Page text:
- Bite from a pet, wild animal or human
- Any animal-related skin injury
Types of Wounds
- Bruise. There is no break in the skin. No risk of infection.
- Scrape (Abrasion) or Scratch. A wound that doesn't go all the way through the skin. Low chance of infection. Antibiotic drugs are not needed.
- Cut (Laceration). A wound that goes through the skin to the fat or muscle tissue. Some chance of infection. Most need to be seen. Cleaning the wound can help prevent this. Antibiotic drugs may be needed.
- Puncture Wound. These wounds break through the skin. Greater risk of infection. Puncture wounds from cat bites are more likely to get infected. Antibiotic drugs may be needed.
- Wound Infection. This is the main risk of an animal bite. The main finding is redness around the bite and pain. It starts 8 hours to 3 days after the bite. It can often be prevented by early, careful cleaning of the bite. This is why most animal bites need to be seen.
Types of Animal Bites
- Large Wild Animal Bites. Rabies is a disease that can kill people. Bites or scratches from any large wild animal can pass on rabies. Animals at highest risk are bats, skunks, raccoons, foxes, or coyotes. These animals may spread rabies even if they have no symptoms.
- Small Wild Animal Bites. Small animals such as mice, rats, moles, or gophers do not carry rabies. Chipmunks, prairie dogs, squirrels and rabbits also do not carry rabies. Exception: one of these small animals actually attacks a human (an unprovoked bite). Sometimes, their bites can get infected.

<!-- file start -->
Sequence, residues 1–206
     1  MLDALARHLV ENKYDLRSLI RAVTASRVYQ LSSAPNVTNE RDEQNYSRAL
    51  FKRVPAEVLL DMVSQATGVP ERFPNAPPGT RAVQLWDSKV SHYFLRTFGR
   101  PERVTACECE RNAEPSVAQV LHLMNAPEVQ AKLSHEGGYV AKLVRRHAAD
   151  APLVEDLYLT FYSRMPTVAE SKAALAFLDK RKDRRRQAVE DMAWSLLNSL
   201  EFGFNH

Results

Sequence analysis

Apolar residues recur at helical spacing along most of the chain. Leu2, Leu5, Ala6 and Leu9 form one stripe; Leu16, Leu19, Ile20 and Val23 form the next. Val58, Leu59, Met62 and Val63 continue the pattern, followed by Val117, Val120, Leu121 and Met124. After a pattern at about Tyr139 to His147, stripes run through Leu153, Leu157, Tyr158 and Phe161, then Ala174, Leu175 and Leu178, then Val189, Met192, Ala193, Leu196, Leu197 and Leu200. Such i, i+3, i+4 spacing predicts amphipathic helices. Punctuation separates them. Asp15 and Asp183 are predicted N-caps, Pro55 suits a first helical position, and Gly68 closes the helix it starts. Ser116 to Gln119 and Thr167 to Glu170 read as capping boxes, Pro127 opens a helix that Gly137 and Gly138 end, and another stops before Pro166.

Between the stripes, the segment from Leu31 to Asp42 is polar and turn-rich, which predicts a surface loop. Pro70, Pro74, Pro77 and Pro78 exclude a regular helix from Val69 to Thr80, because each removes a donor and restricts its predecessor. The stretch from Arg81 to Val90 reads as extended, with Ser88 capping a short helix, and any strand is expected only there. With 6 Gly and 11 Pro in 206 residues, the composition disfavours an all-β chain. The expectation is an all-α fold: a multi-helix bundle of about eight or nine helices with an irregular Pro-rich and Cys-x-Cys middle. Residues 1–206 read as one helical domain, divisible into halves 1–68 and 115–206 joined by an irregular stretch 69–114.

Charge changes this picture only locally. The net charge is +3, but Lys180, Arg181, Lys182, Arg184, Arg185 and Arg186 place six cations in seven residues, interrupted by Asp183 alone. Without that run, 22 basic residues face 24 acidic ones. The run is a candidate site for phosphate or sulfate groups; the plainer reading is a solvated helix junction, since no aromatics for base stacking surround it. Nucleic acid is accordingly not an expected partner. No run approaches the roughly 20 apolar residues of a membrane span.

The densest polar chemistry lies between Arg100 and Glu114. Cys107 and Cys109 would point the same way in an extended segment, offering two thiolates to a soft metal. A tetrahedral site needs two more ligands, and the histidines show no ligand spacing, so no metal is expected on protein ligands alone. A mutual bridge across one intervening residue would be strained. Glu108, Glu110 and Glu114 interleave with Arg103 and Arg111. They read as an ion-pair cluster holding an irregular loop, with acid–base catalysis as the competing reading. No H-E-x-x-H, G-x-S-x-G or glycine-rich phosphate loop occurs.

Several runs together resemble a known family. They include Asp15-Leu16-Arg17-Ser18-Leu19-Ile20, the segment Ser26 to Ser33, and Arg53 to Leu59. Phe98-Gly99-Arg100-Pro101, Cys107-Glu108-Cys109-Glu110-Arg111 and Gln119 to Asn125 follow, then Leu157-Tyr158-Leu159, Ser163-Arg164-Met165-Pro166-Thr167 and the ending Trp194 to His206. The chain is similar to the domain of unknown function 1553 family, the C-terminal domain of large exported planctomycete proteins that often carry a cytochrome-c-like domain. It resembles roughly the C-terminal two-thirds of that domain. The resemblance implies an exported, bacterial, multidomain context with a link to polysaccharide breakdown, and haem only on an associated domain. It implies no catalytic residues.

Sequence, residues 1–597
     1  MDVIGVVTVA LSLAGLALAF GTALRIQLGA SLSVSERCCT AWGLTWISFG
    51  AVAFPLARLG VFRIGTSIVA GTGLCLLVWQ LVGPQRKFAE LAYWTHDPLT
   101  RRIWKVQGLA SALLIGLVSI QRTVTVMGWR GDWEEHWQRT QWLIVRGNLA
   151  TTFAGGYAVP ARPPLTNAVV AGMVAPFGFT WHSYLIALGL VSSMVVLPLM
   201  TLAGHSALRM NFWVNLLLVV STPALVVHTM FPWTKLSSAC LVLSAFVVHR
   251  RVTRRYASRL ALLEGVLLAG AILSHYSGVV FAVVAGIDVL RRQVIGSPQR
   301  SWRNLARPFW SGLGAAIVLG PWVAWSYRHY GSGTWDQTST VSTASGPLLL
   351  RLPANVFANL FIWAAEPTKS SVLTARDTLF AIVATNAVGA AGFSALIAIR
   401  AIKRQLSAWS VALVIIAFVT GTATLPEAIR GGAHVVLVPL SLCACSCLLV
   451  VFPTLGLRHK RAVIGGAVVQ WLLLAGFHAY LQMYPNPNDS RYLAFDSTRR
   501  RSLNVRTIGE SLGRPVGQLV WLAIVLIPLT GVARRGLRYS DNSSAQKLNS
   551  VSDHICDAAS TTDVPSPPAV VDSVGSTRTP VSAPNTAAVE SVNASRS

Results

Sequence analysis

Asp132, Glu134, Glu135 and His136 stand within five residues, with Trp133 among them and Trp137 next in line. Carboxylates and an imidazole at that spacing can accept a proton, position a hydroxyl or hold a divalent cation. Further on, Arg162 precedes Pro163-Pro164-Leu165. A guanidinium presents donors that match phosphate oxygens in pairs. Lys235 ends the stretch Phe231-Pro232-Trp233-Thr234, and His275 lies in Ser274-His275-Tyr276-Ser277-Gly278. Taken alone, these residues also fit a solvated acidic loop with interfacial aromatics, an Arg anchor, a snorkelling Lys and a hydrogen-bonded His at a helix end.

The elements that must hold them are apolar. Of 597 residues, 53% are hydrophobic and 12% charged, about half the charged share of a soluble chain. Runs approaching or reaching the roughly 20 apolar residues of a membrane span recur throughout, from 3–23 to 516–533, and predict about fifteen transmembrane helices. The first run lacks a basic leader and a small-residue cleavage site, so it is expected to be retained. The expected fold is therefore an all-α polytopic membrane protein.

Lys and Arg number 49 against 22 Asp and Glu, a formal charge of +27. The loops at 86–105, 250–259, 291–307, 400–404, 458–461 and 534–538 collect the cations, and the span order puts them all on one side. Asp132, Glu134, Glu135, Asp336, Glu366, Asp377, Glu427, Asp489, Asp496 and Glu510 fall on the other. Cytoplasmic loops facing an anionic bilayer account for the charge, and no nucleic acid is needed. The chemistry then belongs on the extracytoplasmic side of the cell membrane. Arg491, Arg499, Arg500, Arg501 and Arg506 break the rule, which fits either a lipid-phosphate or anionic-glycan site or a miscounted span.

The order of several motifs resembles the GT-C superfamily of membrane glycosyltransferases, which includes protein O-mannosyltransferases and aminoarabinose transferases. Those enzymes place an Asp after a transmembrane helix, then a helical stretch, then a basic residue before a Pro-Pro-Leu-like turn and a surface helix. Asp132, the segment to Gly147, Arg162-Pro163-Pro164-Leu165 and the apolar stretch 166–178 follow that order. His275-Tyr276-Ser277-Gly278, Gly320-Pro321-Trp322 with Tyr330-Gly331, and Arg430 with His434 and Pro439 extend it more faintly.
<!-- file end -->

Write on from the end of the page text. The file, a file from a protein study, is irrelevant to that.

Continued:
- Large Pet Animal Bites. Most bites from pets are from dogs or cats. Bites from other pets such as horses can be handled using this guide. Dogs and cats are free of rabies in most U.S. and Canadian cities. Stray animals are always at risk for rabies until proven otherwise. Cats and dogs that always stay indoors should be safe. The main risk in pet bites is wound infection, not rabies. Cat bites become infected more often than dog bites. Cat scratches can get infected just like a bite because cats lick their claws.
- Small Indoor Pet Animal Bites. Small indoor pets are not at risk for rabies. Examples of these pets are gerbils, hamsters, guinea pigs, or mice. Tiny puncture wounds from these small animals also don't need to be seen. They carry a small risk for wound infections.
- Human Bites. Most human bites occur during fights, especially in teenagers. Sometimes a fist is cut when it strikes a tooth. Human bites are more likely to become infected than animal bites. Bites on the hands are at higher risk. Many toddler bites are safe because they don't break the skin.
- Bat Bites and Rabies. In the U.S., 90% of cases of rabies in humans are caused by bats. Bats have spread rabies without a visible bite mark.
Animals at Risk for Rabies
- Bat, skunk, raccoon, fox, or coyote
- Other large wild animals
- Pets that have never had rabies shots and spend time outdoors
- In the U.S., rabies occurs 4 times more in cats than in dogs.
- Outdoor animals who are sick or stray
- Dogs or cats in countries that do not require rabies shots
- In the U.S. and Canada, bites from city dogs and cats are safe.
- In the U.S., there are 2 - 3 deaths from rabies per year in humans.